A few months after Trump took office as president, his administration attempted to allow trophy hunters to kill Yellowstone grizzly bears — but the animals don’t have to worry anymore. In a decision that conservationists are applauding, a federal court of appeals just ruled that the Trump administration’s actions were illegal, and Yellowstone grizzlies are now protected under the Endangered Species Act once again.
But it has been quite a battle to get to this point.
Trump stripped Yellowstone grizzly bears of protections in 2017.
In June 2017, Trump’s Fish and Wildlife Service removed grizzlies who lived in and near Yellowstone National Park from the federal endangered and threatened species list, even though the species had been protected by the list for more than 40 years, as The Hill reported at the time. The agency argued that conservation efforts had successfully replenished the bear population. By removing grizzlies’ ESA protections, trophy hunters would have been allowed to kill grizzly bears on the outskirts of the national park in Wyoming and Idaho.
A federal court tried to protect grizzlies, but Trump shut it down.
However, conservationist groups and the Northern Cheyenne tribe disagreed with the decision, pleading that grizzlies were still at risk. In September 2018, a Montana federal court voted to prohibit hunting the Yellowstone grizzly bears.
But Trump’s Fish and Wildlife Service was not ready to back down. The agency, as well as various hunting and farming organizations, swiftly appealed the district court’s order.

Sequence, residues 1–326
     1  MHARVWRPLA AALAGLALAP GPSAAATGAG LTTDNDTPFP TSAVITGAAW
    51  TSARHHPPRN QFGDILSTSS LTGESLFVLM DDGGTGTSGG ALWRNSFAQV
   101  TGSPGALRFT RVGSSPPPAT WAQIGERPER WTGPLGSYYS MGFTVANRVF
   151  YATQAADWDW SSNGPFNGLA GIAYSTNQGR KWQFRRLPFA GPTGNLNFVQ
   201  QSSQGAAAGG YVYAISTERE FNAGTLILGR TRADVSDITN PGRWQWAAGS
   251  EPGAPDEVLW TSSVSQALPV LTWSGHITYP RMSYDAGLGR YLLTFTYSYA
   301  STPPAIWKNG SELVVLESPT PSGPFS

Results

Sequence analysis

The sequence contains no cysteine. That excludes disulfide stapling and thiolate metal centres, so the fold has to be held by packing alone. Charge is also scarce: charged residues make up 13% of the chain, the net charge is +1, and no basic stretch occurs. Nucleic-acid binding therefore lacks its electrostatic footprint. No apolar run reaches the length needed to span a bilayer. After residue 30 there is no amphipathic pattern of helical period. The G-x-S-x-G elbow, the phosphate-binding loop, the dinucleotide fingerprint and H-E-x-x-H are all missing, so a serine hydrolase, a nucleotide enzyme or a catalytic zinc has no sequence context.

Grizzly bears are now safely protected by the Endangered Species Act.
Which brings us to this week, when the Ninth Circuit Court of Appeals (a federal court of appeals that can override district court decisions in certain U.S. district courts) finally ended this war by overriding Trump's wishes and upholding the 2018 court decision. On Wednesday, July 8, the Ninth Circuit Court of Appeals ruled that Yellowstone grizzly bears must continue to be protected by the ESA — meaning it is illegal to hunt them in and around Yellowstone National Park.
The court also proclaimed that the Fish and Wildlife Service failed to use the most accurate science to make this decision, and that there were not enough enforceable systems in place that would protect the genetic health of grizzlies, as explained by Courthouse News. Additionally, the court stated that grizzlies are an “iconic symbol of the Rocky Mountain west,” according to a press release the Center for Biological Diversity sent to Green Matters.
The court decision came from a panel of three judges: Judge Mary Schroeder (appointed by Jimmy Carter), Judge Paul Watford, and Judge Andrew Hurwitz (both appointed by Barack Obama).
“Because the 2017 rule’s conclusion that genetic health no longer poses a threat to the Yellowstone grizzly is without scientific basis, this conclusion is arbitrary and capricious,” Judge Schroeder wrote, as reported by Courthouse News.
Conservationists praised the court's decision to protect grizzlies.
“This is a tremendous victory for all who cherish Yellowstone’s grizzly bears and for those who’ve worked to ensure they’re protected under the Endangered Species Act," Andrea Zaccardi, a senior attorney at the Center for Biological Diversity, said in a statement sent to Green Matters. "Grizzlies still have a long way to go before recovery. Hunting these beautiful animals around America’s most treasured national park should never again be an option.”
The Yellowstone grizzly bear population has certainly come a long way since the species was first placed on the ESA more than four decades ago — but that doesn’t mean now is the time to stop protecting them. If you want to make sure animals like grizzly bears get the protections they deserve, don’t forget to vote this November.